. is to be recorded as a credit entry. which results in an increase in the supply of foreign exchange.Accounting principles  (b) A transaction which results in an increase in demand for foreign exchange is to be recorded as a debit entry while a transaction.

Components of Balance of Payments  (a) The Current Account: Under this are included imports and exports of goods and services and unilateral transfers of goods and services.  (b) The Capital Account: Under this are grouped transactions leading to changes in foreign financial assets and liabilities of the country. .  (C) The Reserve Account-Increase or decrease in foreign exchange reserves maintained by the monetary authority of the country.

The Current Account  Merchandise: In principle.  . ie exports and imports. merchandise trade should cover all transactions relating to movable goods.

) Income  Investment income  Compensation to Employees . Transportation. Government.) Services =Travel.) Transfers: Official and Private (transfer of funds from abroad)  c. Insurance.Invisibles  Invisibles=a+b+c  a. and Miscellaneous.  b.

 The net balance is taken as deficit if negative (debits exceed credits).Current Account Balance  The net balance between the credit and debit entries under the heads merchandise. .  A surplus if positive (credits exceed debits). and invisibles taken together is the Current Account Balance.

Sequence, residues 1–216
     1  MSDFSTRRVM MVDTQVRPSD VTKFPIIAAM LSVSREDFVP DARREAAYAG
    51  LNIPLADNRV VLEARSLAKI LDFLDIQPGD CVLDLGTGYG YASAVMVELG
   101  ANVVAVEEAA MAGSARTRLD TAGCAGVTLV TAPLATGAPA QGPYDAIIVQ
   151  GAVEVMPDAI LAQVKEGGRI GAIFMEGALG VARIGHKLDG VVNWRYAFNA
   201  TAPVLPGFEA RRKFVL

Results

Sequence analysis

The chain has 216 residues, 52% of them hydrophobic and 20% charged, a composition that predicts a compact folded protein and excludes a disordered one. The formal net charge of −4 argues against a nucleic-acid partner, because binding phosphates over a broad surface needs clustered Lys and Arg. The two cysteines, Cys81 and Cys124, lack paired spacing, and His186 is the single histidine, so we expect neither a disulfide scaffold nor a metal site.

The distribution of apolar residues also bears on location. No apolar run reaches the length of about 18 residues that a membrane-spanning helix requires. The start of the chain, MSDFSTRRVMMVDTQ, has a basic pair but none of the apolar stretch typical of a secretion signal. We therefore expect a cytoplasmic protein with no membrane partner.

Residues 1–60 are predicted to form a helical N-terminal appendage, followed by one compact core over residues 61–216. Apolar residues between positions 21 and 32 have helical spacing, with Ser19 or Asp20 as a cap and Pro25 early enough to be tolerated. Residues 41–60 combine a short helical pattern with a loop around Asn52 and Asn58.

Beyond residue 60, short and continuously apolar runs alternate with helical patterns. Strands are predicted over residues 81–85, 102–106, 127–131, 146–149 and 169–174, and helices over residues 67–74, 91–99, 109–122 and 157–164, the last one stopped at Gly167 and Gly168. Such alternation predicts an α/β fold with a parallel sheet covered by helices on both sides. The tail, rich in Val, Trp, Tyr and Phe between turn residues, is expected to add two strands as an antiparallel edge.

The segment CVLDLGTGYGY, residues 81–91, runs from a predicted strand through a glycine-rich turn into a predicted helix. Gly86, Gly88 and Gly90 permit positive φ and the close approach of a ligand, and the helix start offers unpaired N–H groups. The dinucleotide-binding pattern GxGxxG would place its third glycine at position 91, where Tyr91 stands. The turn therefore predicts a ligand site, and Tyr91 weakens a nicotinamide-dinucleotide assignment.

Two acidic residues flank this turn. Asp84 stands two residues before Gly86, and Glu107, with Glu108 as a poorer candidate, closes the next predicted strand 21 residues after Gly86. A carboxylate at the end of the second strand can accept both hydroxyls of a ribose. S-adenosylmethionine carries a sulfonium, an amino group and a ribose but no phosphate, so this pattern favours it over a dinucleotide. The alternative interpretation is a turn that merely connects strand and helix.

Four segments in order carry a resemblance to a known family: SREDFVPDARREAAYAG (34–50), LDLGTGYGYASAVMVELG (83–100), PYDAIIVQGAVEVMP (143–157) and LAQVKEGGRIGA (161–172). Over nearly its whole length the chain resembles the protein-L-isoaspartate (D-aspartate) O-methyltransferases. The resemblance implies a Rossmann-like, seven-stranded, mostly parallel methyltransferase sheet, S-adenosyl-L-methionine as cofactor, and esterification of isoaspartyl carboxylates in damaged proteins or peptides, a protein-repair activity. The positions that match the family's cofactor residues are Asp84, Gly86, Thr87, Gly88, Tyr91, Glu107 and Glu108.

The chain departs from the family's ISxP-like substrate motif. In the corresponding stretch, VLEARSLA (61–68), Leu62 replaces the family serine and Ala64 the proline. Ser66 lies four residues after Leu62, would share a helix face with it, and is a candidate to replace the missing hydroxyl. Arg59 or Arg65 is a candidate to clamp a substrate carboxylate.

The first relates to foreign equity investments in India either in the form of direct investments or FII’s. Disbursements received by Indian resident entities are credit items while repayments and loans made by Indians are debits.  The third group separates out the changes in foreign assets and liabilities of the banking sector ie change in reserves. and short-term credits such as trade related credits.Under this are included concessional loans received by the government or public sector bodies.  The next group is loans.The Capital Account  The capital account consists of three major subgroups. . long and medium-term borrowings from the commercial capital market in the form of loans. bond issues and so forth.